Major league attendance is down for myriad reasons: more tanking teams, stagnating wages combined with increased prices, and weather just to name a few. Another big reason is that league ownership has diversified its revenue sources. In layman’s terms: they don’t need fans coming in droves through the turnstiles anymore since they make so much money off of things like TV contracts, MLB Advanced Media, and ancillary business interests like real estate. They don’t care nearly as much about the fan experience these days. If the Braves, for example, barely give a hoot about the fans coming to see their major league team, imagine how little they care about their minor league fans.

Ultimately, this gambit is short-sighted. They’ll get their P.R. win by increasing pay for minor leaguers while drastically reducing its minor league workforce. They may even save money overall. But the ripple effect of slashing 42 minor league teams across the country will stunt the sport’s growth in the long-term. And that’s bad for everyone.

Texas Rangers ink free-agent ace Jacob deGrom to 5-year deal

Jacob deGrom
USA Today
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ARLINGTON, Texas — Jacob deGrom is headed to the free-spending Texas Rangers, who believe the health risk is worth the potential reward in trying to end a six-year run of losing.

The two-time Cy Young Award winner agreed to a $185 million, five-year contract Friday, leaving the New York Mets after nine seasons – the past two shortened substantially by injuries.

“We acknowledge the risk, but we also acknowledge that in order to get great players, there is a risk and a cost associated with that,” Rangers general manager Chris Young said. “And one we feel like is worth taking with a player of Jacob’s caliber.”

Texas announced the signing after the 34-year-old deGrom passed his physical. A person with direct knowledge of the deal disclosed the financial terms to The Associated Press. The person spoke on condition of anonymity because the club did not announce those details.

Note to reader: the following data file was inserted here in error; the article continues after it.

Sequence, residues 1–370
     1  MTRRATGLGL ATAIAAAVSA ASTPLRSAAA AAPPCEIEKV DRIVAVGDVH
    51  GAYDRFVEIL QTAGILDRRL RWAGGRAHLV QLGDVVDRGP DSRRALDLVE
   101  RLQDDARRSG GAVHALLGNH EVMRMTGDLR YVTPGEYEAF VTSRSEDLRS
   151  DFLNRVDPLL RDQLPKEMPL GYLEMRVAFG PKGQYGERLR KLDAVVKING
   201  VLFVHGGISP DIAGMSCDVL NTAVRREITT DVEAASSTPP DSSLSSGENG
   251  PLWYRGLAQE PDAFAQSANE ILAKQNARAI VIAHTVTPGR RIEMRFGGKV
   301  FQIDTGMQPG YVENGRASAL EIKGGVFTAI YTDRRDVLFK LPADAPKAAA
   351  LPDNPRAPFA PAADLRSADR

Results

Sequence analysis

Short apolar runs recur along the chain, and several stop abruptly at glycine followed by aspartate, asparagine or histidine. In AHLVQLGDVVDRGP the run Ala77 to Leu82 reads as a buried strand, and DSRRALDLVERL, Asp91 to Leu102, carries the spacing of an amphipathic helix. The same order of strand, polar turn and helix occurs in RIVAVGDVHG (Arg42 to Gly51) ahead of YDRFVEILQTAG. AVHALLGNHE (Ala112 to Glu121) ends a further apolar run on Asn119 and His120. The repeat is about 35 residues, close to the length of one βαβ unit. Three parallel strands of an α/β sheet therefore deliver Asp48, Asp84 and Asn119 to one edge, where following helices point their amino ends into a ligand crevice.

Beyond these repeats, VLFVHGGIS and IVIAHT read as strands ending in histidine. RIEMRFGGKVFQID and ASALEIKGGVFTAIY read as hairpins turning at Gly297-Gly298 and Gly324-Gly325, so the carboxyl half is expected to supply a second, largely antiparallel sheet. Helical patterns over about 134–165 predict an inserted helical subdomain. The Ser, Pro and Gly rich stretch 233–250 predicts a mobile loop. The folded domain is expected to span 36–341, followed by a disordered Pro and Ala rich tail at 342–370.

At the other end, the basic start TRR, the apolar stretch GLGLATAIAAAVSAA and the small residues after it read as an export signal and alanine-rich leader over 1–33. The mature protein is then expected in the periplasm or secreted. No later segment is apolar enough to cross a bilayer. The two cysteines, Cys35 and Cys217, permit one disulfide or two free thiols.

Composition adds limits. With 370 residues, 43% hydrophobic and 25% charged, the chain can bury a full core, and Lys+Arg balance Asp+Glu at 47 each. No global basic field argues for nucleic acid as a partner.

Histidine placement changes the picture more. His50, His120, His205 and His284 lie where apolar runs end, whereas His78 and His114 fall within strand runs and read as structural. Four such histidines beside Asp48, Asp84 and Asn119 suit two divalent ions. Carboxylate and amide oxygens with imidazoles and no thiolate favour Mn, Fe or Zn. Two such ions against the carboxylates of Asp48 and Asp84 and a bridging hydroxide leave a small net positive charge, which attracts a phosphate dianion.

The Rangers were also big spenders in free agency last offseason, signing shortstop Corey Seager ($325 million, 10 years) and second baseman Marcus Semien ($175 million, seven years).

The team said deGrom will be introduced in a news conference at Globe Life Field next week following the winter meetings in San Diego.

“It fits in so many ways in terms of what we need,” Young said. “He’s a tremendous person. I have a number of close friends and teammates who played with Jacob and love him. I think he’s going to be just a perfect fit for our clubhouse and our fans.”

Texas had modest expectations after adding Seager, Semien and starter Jon Gray ($56 million, four years) last offseason but still fell short of them.

The Rangers went 68-94, firing manager Chris Woodward during the season, and then hired Bruce Bochy, a three-time World Series champion with San Francisco. Texas’ six straight losing seasons are its worst skid since the franchise moved from Washington in 1972.

Rangers owner Ray Davis said the club wouldn’t hesitate to keep adding payroll. Including the $19.65 million qualifying offer accepted by Martin Perez, the team’s best pitcher last season, the Rangers have spent nearly $761 million in free agency over the past year.